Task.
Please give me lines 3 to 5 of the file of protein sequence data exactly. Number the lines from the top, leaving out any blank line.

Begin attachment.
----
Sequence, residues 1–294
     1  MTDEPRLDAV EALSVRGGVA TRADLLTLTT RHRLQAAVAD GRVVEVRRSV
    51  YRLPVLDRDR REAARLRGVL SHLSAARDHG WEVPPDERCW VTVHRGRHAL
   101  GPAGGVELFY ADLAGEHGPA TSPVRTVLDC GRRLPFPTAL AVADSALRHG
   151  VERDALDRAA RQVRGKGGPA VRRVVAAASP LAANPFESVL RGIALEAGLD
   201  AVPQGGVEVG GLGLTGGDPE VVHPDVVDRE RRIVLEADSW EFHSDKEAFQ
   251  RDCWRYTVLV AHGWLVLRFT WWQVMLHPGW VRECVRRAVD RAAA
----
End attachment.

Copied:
    51  YRLPVLDRDR REAARLRGVL SHLSAARDHG WEVPPDERCW VTVHRGRHAL
   101  GPAGGVELFY ADLAGEHGPA TSPVRTVLDC GRRLPFPTAL AVADSALRHG
   151  VERDALDRAA RQVRGKGGPA VRRVVAAASP LAANPFESVL RGIALEAGLD